Legion of Mary  |  Legion of Mary Handbook



"Then the Blessed Virgin said to me: 'Get a medal struck after this model; those who wear it when it is blessed will receive great graces, especially if they wear it round their neck. Graces will be abundant for those who have confidence'." (St. Catherine Labourè)
Legionaries should greatly esteem this medal, which has been prominently associated with the history of their organisation. It was not the result of deliberation that a statue of the 1830 model graced the table at the first meeting, yet it effectively summarised the devotional outlook of the organisation which came into life around it.
The use of the medal in the work was then recommended. The invocation which appears on the medal commenced to be said at that first meeting and now, as part of the Catena, is recited daily by every member. The design of the medal is incorporated in the Legion vexillum.
It is provocative of thought that the medal should in this manifold way insert itself into the Legion devotional system. Whether accidental circumstances were at work, or yet another of the delicate and wonderful fashionings of Providence, may be judged from the following additional considerations:-
(a) The aim of the medal is the furthering of devotion to the Immaculate Conception. But the medal likewise exhibits Mary in her role as Mediatrix of Grace, thus comprehensively showing her in the various aspects under which she is regarded by the Legion, viz., Mary Immaculate, Mother and Mediatrix.
The representation of the Immaculate Conception is complemented by that of the Immaculate Heart on the reverse of the medal. The former portrays Mary stainless in her conception; the latter shows her sinless ever after.

(b) The reverse of the medal bears the images of the Sacred Heart of Jesus and of the Immaculate Heart of Mary, both of which have been invoked in the opening prayers of the Legion from the very first meeting. This representation of the two Hearts, the one pierced with a circlet of thorns, the other by a sword, the two surmounted by the cross and the letter M, recalls the Passion and the Compassion, which earned those graces which legionaries pray to be privileged to bear to others in company with Mary.
(c) An astonishing circumstance is that it was at the precise moment of the centenary of the apparition to St. Catherine Labouré (which had special reference to France) that His Eminence Cardinal Verdier, Archbishop of Paris, opened the audience in which he gave his approbation and blessing to the Legion.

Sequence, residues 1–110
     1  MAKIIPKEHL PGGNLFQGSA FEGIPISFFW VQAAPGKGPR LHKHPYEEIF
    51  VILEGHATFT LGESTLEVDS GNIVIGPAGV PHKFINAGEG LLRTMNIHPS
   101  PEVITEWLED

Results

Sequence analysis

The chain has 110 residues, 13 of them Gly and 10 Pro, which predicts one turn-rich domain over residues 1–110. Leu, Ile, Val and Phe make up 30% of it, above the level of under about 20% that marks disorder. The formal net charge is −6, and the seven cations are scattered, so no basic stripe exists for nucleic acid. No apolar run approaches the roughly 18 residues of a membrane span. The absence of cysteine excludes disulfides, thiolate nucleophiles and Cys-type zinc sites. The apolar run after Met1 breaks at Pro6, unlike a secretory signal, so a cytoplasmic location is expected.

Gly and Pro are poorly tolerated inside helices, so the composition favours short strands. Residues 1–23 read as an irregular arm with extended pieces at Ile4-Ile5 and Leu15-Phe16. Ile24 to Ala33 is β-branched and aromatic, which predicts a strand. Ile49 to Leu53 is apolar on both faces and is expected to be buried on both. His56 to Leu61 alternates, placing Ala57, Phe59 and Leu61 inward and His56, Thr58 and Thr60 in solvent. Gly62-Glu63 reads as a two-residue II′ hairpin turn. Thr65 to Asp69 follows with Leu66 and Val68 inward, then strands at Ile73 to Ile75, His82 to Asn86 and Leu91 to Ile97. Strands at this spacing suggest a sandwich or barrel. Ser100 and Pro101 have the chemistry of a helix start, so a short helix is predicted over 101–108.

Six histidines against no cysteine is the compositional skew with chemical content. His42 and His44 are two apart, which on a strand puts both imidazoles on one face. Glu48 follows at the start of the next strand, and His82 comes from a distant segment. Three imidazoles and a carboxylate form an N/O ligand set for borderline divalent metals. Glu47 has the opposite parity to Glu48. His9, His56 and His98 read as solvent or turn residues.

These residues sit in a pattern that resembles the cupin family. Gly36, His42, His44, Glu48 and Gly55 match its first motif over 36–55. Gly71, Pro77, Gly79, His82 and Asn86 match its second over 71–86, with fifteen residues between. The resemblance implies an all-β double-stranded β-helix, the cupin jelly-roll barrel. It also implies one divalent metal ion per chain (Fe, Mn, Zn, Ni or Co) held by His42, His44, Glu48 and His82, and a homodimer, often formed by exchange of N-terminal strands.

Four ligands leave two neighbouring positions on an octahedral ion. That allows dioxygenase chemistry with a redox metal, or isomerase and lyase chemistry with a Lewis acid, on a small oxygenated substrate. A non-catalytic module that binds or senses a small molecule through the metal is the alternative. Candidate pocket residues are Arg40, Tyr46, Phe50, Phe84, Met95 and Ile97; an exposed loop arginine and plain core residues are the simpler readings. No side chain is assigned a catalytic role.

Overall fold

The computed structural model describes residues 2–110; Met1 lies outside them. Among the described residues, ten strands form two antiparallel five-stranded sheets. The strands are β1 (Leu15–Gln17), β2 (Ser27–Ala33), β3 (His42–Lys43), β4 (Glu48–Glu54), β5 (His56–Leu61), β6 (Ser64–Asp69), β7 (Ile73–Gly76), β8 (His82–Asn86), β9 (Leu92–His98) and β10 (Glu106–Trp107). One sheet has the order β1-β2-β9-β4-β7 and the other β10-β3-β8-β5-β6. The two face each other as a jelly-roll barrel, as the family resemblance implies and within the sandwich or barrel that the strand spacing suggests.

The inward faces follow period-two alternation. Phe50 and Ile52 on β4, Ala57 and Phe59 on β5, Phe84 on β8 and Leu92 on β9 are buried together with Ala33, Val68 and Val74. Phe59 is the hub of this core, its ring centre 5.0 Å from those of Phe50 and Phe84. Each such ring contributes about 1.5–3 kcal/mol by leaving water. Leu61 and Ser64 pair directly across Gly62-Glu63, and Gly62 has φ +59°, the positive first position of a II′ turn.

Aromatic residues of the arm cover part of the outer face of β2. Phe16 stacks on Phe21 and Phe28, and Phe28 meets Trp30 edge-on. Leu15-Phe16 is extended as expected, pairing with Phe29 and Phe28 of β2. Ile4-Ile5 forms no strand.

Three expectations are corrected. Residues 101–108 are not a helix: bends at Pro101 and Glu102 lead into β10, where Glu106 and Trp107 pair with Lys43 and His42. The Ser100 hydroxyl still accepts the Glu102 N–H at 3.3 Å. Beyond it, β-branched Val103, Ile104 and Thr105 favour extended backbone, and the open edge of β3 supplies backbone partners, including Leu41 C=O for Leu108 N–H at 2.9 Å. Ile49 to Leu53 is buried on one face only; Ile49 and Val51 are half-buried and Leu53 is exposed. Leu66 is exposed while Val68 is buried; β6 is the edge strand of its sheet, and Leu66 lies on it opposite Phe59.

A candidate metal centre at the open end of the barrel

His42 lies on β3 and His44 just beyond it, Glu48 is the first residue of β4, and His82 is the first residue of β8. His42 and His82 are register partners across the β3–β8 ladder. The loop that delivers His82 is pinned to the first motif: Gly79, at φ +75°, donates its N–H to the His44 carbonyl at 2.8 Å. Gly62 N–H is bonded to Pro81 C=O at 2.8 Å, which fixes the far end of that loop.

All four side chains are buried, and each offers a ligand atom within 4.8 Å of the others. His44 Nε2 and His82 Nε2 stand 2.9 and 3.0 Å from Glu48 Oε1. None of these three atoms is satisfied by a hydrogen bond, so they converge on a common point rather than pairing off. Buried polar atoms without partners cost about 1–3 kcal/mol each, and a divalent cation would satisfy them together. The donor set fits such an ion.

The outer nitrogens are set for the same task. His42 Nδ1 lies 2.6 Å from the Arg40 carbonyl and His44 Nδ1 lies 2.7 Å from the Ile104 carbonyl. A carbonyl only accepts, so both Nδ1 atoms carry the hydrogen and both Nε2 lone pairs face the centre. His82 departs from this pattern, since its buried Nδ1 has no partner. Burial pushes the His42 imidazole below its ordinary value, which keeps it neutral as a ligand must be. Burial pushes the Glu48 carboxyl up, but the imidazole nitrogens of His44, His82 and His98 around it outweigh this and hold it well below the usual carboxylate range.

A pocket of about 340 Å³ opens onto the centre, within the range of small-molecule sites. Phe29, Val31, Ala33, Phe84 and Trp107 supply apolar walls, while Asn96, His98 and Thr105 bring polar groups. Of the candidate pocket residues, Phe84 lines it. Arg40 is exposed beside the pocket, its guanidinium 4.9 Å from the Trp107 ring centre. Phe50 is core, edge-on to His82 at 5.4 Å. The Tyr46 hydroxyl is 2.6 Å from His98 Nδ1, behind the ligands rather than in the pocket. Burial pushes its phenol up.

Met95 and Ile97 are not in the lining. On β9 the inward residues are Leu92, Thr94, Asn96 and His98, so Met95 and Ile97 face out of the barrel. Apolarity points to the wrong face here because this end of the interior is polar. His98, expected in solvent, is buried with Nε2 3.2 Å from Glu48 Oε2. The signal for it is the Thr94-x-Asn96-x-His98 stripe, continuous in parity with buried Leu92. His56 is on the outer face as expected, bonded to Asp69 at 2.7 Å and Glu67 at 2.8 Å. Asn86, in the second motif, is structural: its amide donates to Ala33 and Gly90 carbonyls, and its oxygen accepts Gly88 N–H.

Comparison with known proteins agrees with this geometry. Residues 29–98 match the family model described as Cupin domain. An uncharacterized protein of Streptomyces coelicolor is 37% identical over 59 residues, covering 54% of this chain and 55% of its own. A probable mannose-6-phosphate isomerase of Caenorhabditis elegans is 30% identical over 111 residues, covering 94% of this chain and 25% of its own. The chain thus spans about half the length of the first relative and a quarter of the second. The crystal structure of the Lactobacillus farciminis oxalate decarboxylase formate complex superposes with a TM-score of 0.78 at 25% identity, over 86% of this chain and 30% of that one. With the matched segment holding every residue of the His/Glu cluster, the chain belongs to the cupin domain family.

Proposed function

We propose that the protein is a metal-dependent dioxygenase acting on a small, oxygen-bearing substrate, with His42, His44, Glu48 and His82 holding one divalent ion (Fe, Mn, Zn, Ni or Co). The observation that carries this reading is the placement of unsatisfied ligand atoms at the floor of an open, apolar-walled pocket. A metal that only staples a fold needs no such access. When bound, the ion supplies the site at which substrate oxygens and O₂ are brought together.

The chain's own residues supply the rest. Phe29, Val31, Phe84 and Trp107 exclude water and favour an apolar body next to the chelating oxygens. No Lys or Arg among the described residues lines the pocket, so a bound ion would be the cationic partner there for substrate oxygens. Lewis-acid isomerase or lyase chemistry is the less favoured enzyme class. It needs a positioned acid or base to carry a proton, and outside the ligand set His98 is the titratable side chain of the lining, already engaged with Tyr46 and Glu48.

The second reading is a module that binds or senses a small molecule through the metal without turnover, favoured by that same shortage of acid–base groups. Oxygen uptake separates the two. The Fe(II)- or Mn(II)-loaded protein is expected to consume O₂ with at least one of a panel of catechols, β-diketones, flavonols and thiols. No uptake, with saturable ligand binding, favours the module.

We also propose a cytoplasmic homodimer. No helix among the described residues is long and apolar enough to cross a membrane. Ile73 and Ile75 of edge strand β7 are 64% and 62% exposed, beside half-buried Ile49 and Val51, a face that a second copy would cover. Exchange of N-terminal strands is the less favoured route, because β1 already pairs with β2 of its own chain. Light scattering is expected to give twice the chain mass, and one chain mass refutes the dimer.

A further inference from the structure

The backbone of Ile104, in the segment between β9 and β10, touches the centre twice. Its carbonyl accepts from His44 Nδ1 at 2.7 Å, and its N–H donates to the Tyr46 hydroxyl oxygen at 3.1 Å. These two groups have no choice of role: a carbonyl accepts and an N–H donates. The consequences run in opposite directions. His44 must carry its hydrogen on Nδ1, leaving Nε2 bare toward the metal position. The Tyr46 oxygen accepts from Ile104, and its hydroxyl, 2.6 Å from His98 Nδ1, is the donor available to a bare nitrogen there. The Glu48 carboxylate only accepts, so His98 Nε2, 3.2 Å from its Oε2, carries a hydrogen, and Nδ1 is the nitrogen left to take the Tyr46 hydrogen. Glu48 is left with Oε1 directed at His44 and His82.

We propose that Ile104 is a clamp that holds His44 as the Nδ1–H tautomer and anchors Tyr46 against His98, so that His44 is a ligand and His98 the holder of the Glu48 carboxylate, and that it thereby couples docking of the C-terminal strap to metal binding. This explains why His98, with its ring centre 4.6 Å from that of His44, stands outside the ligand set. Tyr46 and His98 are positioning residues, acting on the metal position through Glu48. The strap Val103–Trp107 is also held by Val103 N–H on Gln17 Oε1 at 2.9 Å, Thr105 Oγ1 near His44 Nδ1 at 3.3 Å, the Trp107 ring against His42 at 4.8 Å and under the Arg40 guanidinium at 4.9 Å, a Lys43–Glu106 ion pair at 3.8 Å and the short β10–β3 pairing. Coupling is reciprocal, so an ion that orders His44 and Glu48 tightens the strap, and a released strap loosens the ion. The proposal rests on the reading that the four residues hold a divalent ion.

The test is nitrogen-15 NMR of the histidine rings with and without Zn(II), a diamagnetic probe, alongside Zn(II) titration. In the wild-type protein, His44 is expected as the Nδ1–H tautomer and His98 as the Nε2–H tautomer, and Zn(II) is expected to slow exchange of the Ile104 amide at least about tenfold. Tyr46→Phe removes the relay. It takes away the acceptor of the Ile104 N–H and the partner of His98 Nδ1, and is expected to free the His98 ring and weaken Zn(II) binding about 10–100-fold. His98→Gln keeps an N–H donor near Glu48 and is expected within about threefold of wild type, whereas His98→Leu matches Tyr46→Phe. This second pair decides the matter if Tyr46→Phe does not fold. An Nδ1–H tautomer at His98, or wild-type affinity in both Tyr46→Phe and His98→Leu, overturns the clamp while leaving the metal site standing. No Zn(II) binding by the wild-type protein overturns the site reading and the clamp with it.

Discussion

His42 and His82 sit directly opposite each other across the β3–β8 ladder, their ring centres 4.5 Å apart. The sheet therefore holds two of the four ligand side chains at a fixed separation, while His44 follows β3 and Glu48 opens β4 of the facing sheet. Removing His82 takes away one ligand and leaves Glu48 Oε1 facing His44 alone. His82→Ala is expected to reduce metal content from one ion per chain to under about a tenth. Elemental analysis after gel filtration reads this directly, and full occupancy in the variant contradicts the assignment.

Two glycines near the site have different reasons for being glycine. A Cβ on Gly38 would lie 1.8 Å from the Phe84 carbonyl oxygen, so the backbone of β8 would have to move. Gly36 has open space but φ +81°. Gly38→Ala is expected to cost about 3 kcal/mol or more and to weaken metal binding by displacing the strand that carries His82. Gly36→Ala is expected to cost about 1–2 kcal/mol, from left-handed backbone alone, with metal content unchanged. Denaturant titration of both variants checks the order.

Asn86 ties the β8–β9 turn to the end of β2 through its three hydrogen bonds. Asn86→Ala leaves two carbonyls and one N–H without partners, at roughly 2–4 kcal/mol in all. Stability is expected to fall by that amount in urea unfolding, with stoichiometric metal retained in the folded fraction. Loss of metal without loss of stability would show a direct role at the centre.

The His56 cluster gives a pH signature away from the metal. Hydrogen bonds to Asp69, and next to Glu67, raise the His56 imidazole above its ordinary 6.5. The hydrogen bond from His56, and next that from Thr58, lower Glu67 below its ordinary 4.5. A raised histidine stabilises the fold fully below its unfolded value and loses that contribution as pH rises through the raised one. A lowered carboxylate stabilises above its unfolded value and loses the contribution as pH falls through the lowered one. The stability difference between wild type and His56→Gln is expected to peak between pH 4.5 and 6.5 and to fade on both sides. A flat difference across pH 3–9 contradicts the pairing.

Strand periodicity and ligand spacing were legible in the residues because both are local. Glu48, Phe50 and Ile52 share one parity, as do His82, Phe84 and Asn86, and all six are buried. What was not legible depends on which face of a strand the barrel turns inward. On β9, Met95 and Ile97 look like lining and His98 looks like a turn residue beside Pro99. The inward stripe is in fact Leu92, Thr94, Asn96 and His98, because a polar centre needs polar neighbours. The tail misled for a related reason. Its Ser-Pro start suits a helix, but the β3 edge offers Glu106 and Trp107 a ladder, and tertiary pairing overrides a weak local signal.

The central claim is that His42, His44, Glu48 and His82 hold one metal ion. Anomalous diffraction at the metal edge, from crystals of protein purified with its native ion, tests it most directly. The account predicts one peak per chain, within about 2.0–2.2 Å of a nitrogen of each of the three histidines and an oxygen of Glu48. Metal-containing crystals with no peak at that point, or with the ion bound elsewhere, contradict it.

Thus, one can almost say that the medal has been assimilated by the Legion, so that the mission of the legionary includes that of the medal. The legionary is, as it were, a living Miraculous Medal, a humble instrument of Our Lady's graces to the world.
A certain class of Catholics, anxious to show itself "advanced, intellectual", is found deriding this medal, as well as the other medals and the scapulars, as superstition. This attitude of disrespect for the sacramentals approved by the Church is a rash one. Likewise it is against the facts for there is no doubt that the use of the medal has been blessed in dramatic fashions. As legionaries are encouraged to regard themselves as soldiers, likewise should they look upon the medal as their special ammunition. To a certainty, Mary will impart to it a double power in the hands of her legionaries.
By the enrolment ceremony one is made a member of the Association of the Miraculous Medal without any formal inscription in a register required. The member is entitled automatically to all the indulgences attached to the Association.
The feast of Our Lady of the Miraculous Medal is celebrated on 27 November.

"Mary brought into the world apostolicity itself - him who came to cast fire on earth and willed that it be enkindled. Her role would have now been incomplete if she had not been in the very centre of the tongues of fire which the Spirit of her Son sent upon the Apostles to make them burn with his message even to the consummation of the world. Pentecost was Mary's spiritual Bethlehem, her new Epiphany, in which as Mother standing by the crib of the Mystic Christ, she makes him known once again to other shepherds and other kings." (Bishop Fulton Sheen: The Mystical Body of Christ)